Graduation Term


Document Type


Degree Name

Doctor of Philosophy (PhD)


School of Biological Sciences

Committee Chair

Wolfgang Stein


Neuronal activity is a product of more than the underlying neuronal connections. Modulatory influences like changes in the animal’s environment, the animals physiological state, or the release of neuromodulators can dramatically alter neuronal activity. Modulatory influences can be beneficial for the animal because they are a source of neuronal and behavioral plasticity, and they can provide neuronal circuits with the robustness needed to continue to function in new conditions, states, or tasks.However, malfunctions of the modulatory system can disrupt neuronal activity and lead to pathologies. Predicting how modulatory influences will alter neuronal activity is challenging because the underlying cellular and circuit properties are delicately balanced and often respond in nonlinear and multifaceted ways to modulatory influences. In my thesis I address how several types of modulatory influences affect neuronal activity in the crustacean stomatogastric nervous system, and seek to characterize the circuit and cellular mechanisms that underlie them. In Chapter II I show that the activation of chemosensory pathway alters the frequency of backpropagating action potentials in a proprioceptive sensory neuron that measures muscle tension when the animal chews. These backpropagating action potentials invade the most distant regions of the proprioceptive neuron where muscle tension is encoded, including the spike initiation site and sensory dendrites. They alter the latency, the number, and the frequency of action potentials in response to muscle stimuli. When the chemosensory neurons become active, backpropagating action potential frequency decreases, thereby granting greater sensitivity to the muscle tension receptor. Since the chemosensory pathway is activated by food before the chewing starts, the modulation of backpropagating action potentials prepares the muscle receptor for future changes in muscle tension. Thus, my results demonstrate that one sensory pathway can prime another for upcoming tasks via the modulation of backpropagating action potentials. In Chapter III I show two ways that neuronal activity can be sustained during temperature modulation. First, I show that axons of different pyloric neurons maintain action potential timing between them over a large temperature range, despite their distinct morphological and intrinsic properties. I used computational model axons to determine if, and if so, how, axons with different diameters that are exposed to varying temperatures can maintain action potential timing with one another. I found that the temperature sensitivity of most ion channel properties mattered little to action potential timing. Conversely, the ratio of two Sodium channel parameters were critical: how much the maximum conductance and activation gate time constant in one axon changed with temperature relative to the other axon strongly influenced action potential timing between two. Since the ratio was critical, but not the actual values, this demonstrated that even highly temperature-sensitive ion channels can support temperature-robust action potential timing between neurons. Second, I show that acutely warming the stomatogastric ganglion by 3°C disrupts a gastric mill rhythm by diminishing the spread of electrical signals in the dendrites of the Lateral Gastric neuron (LG). I also show that a substance P-related peptide restores dendritic electrical spread and consequently the gastric mill rhythm at the warmer temperature. Specifically, the peptide rescues electrical spread through the activation of a modulatory cation current (the 'modulatory induced current' (IMI)). These data demonstrate the cellular mechanisms by which this peptide neuromodulator induces temperature-robust neuronal activity. A realization during my work on the previous chapters was that few peer-reviewed protocols exist that provide detailed and reproducible workflows of electrophysiological and molecular approaches for the study of modulatory influences. Many laboratories use 'homegrown' protocols or protocols that were inherited by word of mouth and are not widely available. This leads to a lack or reproducibility of research approaches and results and impedes the widespread use of these techniques. Chapters IV and V address these issues. In Chapter IV, I first, provide detailed protocols on how to generate action potentials in an axon using extracellular stimulation. Second, I provide a detailed protocol on how to measure action potential conduction velocity using extracellular recordings. In Chapter V, I expand on the concept of providing easily understandable and reproducible protocols to the processes of integrating genetic and molecular techniques with electrophysiological one in both lab and classroom settings. I establish a workflow that guides undergraduates or physiologists in the manual identification, confirmation, and curation of putative genes involved in neuronal function. I implement this workflow in a Course in Undergraduate Research Education (CURE) – like setting, that brings undergraduate students of all levels to actively participate in research labs by allowing students to work under supervision of graduate students and faculty mentors. The workflow outlines a efficient protocol for gene identification in marbled crayfish, clear leaning objectives, and several quality control and assessment processes that enable students to conceptualize the interconnectedness of genetics, molecular, and physiological neuroscience. By following this workflow, I identified the transcript and gene sequences for two Gamma Aminobutyric Acid (GABA) receptors subunits in the marbled crayfish (Procambarus virginalis). In addition to its educational purpose, the provided protocol serves as a first step toward integrating genetic and molecular techniques with electrophysiological ones to study the impact of receptor diversity for the cellular mechanisms of modulation in the marbled crayfish.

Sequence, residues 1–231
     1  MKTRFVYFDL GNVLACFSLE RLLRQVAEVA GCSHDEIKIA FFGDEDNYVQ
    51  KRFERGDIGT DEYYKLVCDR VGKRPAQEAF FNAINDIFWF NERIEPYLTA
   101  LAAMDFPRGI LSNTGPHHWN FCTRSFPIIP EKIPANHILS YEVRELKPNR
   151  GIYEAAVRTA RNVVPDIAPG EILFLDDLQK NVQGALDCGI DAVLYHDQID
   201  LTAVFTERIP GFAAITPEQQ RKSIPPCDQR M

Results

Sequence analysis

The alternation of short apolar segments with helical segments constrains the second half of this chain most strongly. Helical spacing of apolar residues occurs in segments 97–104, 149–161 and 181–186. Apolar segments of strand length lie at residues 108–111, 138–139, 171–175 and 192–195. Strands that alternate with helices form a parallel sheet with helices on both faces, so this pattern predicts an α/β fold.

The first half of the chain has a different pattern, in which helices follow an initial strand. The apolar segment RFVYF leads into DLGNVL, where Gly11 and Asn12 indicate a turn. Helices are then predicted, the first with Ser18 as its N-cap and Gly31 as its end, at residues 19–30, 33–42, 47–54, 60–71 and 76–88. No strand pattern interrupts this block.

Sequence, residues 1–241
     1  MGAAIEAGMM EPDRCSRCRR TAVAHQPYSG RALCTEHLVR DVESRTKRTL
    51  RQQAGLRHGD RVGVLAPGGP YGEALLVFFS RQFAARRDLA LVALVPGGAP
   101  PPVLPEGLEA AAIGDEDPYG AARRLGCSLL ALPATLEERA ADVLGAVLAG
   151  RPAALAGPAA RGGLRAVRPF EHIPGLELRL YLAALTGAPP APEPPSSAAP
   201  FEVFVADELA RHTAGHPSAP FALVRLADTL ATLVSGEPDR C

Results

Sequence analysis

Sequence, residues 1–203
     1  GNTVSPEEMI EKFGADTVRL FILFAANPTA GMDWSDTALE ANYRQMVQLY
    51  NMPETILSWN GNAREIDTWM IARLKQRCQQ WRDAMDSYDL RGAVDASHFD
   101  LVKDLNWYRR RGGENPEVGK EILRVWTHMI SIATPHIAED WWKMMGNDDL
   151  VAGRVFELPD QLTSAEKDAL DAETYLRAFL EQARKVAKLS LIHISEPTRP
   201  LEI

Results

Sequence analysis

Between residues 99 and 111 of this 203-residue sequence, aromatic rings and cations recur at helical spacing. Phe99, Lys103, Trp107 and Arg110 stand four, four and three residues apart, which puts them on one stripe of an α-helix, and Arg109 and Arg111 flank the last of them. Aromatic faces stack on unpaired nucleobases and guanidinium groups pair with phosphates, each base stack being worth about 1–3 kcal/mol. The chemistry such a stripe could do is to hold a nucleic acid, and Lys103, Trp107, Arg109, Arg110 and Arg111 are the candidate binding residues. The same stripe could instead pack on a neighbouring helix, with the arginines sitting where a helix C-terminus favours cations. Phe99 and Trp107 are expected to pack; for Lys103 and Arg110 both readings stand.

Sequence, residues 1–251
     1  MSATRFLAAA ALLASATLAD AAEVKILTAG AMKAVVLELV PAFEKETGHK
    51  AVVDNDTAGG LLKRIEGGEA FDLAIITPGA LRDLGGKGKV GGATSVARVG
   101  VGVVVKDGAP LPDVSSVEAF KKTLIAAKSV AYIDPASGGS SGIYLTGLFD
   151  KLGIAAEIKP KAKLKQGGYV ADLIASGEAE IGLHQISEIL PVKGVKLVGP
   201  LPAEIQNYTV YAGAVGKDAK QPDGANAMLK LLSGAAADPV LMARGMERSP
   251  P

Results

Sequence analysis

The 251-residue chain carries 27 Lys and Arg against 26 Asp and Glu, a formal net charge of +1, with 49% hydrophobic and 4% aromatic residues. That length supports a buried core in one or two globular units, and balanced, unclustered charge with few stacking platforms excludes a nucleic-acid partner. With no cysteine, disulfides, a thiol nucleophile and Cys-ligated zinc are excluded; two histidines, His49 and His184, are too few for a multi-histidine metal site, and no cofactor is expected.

Video_1.mp4 (6334 kB)
Video_2.mp4 (9620 kB)
Video_3.mp4 (20898 kB)
Video_4.mp4 (16156 kB)